I was at a professional development conference in Beijing recently. I had found my seat with the people I knew and then the inevitable happened, as always does at these types of things…the ice breaker/Getting-to-know-you, where we all had to find new seats. We all know these activities and most of us probably use them in our classrooms，especially at the beginning of the year. After finding my new seat and introducing myself, one of my new table mates looked at my name tag again and said, “Hey, you’re Brian. I was supposed to find you.” A little confused and slightly nervous, I ask why, and he says, “You know Nick (a former colleague). We used to teach together.” So we talked throughout the conference. We shared ideas and worked together to improve our own lessons. We added each other to social media to stay connected, and I have been following his posts on Twitter. Of course we sent Nick this photo:
Networking is as simple as a random encounter like this one or finding a group of like-minded people online. We all have our interests, and while sometimes we might feel like the only one who shares that interest in our everyday daily lives, ll we have to do is to turn to the internet to find a network of people. As stated in Living and Learning with New Media Report, Rather than simply messing around with local friends, geeking out involves developing an identity and pride as an expert and seeking fellow experts in far-flung networks. Geeking out is usually supported by interest-based groups, either local or online, or some hybrid of the two, where fellow geeks will both produce and exchange knowledge on their subjects of interest. Rather than purely “consuming” knowledge produced by authoritative sources, geeked out engagement involves accessing as well as producing knowledge to contribute to the knowledge network.
Dealing with and creating these networks and personal learning opportunities is how professionals improve themselves and get new and interesting ideas. As teachers, it is vitally important that we also allow students to engage in their interests while connecting those interests to their school work. According to Learning that Connects Educational institutions need to connect young people’s learning to their social lives, their communities, their interests and their careers.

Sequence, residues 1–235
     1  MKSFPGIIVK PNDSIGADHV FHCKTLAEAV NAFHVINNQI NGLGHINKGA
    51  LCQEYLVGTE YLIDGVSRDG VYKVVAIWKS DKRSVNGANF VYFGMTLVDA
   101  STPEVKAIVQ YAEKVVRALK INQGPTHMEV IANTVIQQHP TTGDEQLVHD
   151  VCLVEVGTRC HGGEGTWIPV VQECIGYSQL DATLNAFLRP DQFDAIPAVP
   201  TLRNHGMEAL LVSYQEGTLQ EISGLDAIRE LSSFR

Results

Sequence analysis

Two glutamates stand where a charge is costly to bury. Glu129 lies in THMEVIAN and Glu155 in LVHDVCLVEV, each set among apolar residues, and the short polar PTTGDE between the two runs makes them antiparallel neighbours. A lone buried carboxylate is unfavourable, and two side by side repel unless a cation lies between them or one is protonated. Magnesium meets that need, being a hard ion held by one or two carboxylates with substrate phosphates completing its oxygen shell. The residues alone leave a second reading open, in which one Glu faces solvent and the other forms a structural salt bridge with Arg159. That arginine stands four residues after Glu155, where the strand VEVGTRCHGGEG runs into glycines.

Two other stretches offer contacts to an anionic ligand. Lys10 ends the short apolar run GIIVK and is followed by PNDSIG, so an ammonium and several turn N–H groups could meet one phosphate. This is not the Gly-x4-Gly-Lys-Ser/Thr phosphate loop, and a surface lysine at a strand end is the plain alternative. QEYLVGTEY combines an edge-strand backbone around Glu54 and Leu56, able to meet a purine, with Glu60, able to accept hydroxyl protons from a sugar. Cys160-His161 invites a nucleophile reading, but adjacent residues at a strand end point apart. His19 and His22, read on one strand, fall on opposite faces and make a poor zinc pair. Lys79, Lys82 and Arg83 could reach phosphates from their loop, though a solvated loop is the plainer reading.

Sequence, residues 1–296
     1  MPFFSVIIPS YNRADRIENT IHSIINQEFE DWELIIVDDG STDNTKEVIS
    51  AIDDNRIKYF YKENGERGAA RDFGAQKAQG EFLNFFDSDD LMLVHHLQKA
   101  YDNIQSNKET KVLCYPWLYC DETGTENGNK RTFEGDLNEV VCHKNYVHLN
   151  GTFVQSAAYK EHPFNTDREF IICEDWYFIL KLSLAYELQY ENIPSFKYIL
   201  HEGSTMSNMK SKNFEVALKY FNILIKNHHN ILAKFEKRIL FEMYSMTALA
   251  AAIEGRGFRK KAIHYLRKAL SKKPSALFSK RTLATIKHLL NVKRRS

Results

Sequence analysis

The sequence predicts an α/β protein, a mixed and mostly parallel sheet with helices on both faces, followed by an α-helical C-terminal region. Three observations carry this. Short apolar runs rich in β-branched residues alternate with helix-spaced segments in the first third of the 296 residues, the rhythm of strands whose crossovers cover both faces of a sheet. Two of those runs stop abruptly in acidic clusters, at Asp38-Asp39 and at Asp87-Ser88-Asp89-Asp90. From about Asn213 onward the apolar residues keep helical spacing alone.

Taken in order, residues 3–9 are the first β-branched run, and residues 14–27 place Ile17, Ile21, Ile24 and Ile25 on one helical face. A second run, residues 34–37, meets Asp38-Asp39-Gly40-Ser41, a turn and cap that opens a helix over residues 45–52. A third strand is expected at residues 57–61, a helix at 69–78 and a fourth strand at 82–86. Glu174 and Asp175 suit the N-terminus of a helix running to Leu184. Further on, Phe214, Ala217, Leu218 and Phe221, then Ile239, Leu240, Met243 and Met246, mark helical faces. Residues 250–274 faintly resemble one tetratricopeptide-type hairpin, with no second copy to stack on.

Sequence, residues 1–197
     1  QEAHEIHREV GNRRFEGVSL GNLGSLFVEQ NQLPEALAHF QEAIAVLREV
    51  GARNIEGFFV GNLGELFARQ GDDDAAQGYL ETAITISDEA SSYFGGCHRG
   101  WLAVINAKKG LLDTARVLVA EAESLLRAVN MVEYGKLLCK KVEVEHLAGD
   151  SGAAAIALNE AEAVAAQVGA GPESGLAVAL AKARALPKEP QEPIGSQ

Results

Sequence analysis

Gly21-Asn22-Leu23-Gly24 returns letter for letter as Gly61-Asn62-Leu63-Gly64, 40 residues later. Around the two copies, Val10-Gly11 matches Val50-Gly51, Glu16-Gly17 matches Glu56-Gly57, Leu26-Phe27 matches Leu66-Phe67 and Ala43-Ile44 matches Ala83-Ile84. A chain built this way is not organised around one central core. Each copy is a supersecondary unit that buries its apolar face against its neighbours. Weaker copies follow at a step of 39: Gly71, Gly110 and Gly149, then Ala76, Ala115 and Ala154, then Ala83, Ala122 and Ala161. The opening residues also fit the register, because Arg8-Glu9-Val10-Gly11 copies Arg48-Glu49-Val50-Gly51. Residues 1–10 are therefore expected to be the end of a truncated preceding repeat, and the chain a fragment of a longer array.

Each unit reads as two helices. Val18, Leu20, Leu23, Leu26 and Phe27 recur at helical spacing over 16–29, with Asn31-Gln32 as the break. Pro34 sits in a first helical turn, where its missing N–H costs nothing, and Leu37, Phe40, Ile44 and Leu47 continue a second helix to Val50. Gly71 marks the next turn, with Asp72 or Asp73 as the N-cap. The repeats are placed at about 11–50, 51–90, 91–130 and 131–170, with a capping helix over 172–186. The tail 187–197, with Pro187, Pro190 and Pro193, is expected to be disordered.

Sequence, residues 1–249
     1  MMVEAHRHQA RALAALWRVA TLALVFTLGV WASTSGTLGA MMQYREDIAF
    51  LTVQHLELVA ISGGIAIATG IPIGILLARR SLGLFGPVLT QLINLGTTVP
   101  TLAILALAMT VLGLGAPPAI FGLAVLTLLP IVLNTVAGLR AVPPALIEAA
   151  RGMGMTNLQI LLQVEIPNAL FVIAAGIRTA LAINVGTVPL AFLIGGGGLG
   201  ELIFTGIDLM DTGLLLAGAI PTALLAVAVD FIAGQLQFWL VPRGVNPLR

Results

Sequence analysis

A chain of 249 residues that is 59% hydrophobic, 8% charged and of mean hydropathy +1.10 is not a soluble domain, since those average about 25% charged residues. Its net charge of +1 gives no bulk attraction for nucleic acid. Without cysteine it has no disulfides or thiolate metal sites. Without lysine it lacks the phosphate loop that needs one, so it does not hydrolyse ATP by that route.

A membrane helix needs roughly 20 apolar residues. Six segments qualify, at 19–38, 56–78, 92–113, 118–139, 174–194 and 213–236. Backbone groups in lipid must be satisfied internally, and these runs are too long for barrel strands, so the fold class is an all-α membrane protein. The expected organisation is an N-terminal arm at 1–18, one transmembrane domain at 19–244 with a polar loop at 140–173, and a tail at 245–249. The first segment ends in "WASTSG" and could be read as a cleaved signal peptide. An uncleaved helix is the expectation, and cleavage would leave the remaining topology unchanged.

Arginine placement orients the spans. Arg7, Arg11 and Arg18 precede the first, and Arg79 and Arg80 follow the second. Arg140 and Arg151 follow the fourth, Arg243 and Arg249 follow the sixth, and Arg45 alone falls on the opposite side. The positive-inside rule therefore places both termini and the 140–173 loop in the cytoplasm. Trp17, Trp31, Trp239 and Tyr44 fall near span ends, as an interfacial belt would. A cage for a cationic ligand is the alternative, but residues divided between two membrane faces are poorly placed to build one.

This question was posed in Learning that Connects, which resonates with me. Young people are learning how to organize and how to collaborate online and outside of school. They’re learning complex technical skills, but they tend not to see that as learning that can be connected to schools or civic engagement. So, how do we, as educators, bring the research into educational practice and how can we best support our kids in their learning, given how much the environment outside the classroom has changed? What are we doing as teachers to help build these skills? There are so many different ways people can connect, communicate and create that teachers can’t possibly know and become experts in all of them, but we can help the students build the skills to navigate the complicated world we live in. People are inundated with technology on a daily basis it is important that the students have the skills to be able to use all of this information and technology in the most beneficial ways possible.
“When are you coming home?” is a question I always get from my friends and family in the U.S. The answer is, “I’m not.” I have a built-in international network that I am constantly engaged with and learning from. As people come and go from one school to the next, the network gets larger and more interconnected. Actually, I found out about COETAIL through this network. Building this network has been valuable for gaining teaching strategies and improving my lessons, and but it has also helped me get feedback about school I might potentially apply to work for, such as the dynamics of the professional community and whether or not the school shares my teaching philosophy.